Think big-ticket firstEmma Kapotes/Rd.com, iStock/Catherine Lane
Draw people to your sale by positioning your big-ticket items (think sofas, furniture, power tools, lawn equipment, and bicycles) close to the sidewalk. These items show shoppers that you’re selling quality pieces. But beware the Catch-22: while you want these items to sell, you don’t want to lose their welcoming power too early in the sale. Overprice them at first or ask shoppers to come to you with a price. If a piece doesn’t seem to generate much interest, slash the price sooner than later. Snap up these garage sale finds when you see them.
Have changeEmma Kapotes/Rd.com, iStock/Catherine Lane
Many shoppers will want to pay with $20 bills, so make sure you’ve got a hefty supply of fives and tens. Price all of your items in 25-cent increments. That way, you’ll only need to stock up on quarters (take out at least two $10 rolls from the bank). Keep incoming change organized in your moneybox using a disposable muffin tin (use the other tins to display small knickknacks like jewelry).
Find the perfect priceEmma Kapotes/Rd.com, iStock/Catherine Lane
Each item at your sale should have a price tag with a reasonable price. If you’re unsure what certain items should sell for, visit your local Goodwill or Salvation Army and browse the prices of similar items. Expect most clothes to sell between $2 and $12, books and DVDs to sell between 50 cents and $1, and furniture to sell between $15 and $50. Bigger ticket items should be priced around one-third of their original price. Experts say it's best to avoid selling these at garage and yard sales.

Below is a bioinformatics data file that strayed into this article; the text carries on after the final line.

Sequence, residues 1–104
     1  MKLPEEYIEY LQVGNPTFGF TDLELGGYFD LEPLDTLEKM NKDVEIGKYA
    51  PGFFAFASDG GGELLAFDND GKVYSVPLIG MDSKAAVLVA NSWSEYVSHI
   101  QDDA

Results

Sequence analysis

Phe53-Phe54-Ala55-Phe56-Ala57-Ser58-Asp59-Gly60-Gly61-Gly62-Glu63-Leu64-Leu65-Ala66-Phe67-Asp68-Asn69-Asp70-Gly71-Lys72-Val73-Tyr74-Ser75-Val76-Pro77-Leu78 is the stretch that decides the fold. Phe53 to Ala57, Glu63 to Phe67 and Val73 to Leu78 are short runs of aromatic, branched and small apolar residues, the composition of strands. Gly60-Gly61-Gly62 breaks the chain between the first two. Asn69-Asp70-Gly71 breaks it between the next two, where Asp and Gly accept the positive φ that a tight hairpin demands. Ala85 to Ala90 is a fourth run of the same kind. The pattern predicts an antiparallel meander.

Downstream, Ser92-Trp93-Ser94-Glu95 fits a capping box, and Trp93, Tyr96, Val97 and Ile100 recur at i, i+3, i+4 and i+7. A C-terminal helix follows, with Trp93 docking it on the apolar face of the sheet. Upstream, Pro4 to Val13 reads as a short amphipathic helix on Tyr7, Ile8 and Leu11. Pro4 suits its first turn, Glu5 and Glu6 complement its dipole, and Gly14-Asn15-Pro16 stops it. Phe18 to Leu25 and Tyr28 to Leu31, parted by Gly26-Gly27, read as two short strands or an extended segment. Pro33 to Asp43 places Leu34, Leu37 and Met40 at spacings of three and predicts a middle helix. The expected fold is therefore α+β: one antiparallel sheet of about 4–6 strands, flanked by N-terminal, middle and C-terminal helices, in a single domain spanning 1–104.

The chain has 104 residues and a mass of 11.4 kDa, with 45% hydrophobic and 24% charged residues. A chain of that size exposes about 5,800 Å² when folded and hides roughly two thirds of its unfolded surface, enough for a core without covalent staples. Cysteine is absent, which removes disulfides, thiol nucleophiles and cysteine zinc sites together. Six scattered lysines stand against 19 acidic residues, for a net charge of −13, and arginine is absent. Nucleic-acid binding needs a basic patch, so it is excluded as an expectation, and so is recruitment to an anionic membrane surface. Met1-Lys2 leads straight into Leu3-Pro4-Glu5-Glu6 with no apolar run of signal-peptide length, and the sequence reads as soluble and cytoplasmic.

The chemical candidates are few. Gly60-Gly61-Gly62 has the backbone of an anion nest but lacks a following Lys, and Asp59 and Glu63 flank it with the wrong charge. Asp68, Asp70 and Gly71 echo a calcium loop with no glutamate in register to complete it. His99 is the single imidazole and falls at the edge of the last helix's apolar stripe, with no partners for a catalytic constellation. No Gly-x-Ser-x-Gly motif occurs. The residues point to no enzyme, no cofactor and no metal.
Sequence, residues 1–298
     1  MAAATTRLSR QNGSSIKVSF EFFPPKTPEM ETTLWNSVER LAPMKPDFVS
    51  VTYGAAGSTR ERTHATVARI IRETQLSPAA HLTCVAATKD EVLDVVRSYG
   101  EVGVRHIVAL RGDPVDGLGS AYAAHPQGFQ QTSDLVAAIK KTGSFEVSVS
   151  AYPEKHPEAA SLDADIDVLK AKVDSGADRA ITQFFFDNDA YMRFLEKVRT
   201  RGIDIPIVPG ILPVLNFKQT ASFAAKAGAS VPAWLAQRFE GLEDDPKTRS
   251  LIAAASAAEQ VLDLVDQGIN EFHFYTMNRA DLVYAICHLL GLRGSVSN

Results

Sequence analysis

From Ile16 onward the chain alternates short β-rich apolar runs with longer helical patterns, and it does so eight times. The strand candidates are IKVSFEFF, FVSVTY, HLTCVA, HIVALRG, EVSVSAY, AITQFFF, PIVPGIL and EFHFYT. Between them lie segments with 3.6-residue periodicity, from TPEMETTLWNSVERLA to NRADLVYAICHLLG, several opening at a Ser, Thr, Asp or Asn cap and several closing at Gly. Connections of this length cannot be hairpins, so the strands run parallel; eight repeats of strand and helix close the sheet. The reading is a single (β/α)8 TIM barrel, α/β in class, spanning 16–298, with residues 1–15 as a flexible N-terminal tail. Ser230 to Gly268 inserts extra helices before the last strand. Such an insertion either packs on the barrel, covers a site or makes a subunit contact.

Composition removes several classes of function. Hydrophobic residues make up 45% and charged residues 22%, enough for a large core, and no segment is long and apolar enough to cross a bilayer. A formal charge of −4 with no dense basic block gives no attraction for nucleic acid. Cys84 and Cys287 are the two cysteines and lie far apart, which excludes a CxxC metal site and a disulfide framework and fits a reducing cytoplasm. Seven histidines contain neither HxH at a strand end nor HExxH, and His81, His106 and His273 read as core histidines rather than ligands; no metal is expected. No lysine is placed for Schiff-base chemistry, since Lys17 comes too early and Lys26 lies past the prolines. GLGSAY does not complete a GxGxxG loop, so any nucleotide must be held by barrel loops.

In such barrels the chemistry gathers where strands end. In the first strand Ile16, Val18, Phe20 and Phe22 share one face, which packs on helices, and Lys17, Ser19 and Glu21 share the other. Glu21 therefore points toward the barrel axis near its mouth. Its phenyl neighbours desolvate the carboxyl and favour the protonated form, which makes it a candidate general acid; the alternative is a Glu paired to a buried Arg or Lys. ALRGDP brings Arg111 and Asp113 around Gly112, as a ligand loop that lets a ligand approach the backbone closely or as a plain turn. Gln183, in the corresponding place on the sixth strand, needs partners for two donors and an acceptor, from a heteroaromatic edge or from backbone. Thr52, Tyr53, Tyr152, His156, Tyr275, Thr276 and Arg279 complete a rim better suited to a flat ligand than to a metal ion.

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Be a bag ladyEmma Kapotes/Rd.com, iStock/Catherine Lane
Many first-time sellers say the biggest pitfall of their sale was not having enough bags. Start collecting plastic grocery bags now. To encourage people to pick up lots of small items at your sale, keep a bin of plastic bags underneath your table of low-ticket items like books and DVDs. Pin on a friendly sign that says, “Take a bag.” This will assure shoppers who stop by on their daily walk that they won’t have to hold their loot by hand.
The perfect setupEmma Kapotes/Rd.com, iStock/Catherine Lane
Your yard sale should have a natural flow. Big-ticket items should be front and center and similar items should be grouped together. Hang clothes and organize them by size (baby, toddler, child, adult) and style (casual and formal). If you don’t have clothes racks, get creative: Try running a string from the porch to a tree out front.
The perfect attitudeEmma Kapotes/Rd.com, iStock/Catherine Lane
Say hello to visitors and welcome them to your sale, but otherwise allow them to browse at their leisure. Pay attention to shoppers' body language, especially if they’ve been looking at a particular item for a while. They might want you to come over and answer a few questions about it.
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Make your yard welcomingEmma Kapotes/Rd.com, iStock/Catherine Lane
Get out your speakers and turn on some fun music (think the kind of tunes you’d listen to on a long road trip or at a BBQ). For a sale in the summer months, consider selling (or giving away) cold soda and water. These items are relatively cheap, but will guarantee people feel comfortable at your sale. Plus, saying, “Hi! Can I get you a water?” is a low-pressure way to initiate conversation with shoppers.
Advertise!Emma Kapotes/Rd.com, iStock/Catherine Lane
Post your yard sale on Craigslist and make it an event on Facebook. As for signs, hang them the night before. Check Pinterest for creative, eye-catching designs. Hang them at your local grocery store, gym, and other community centers.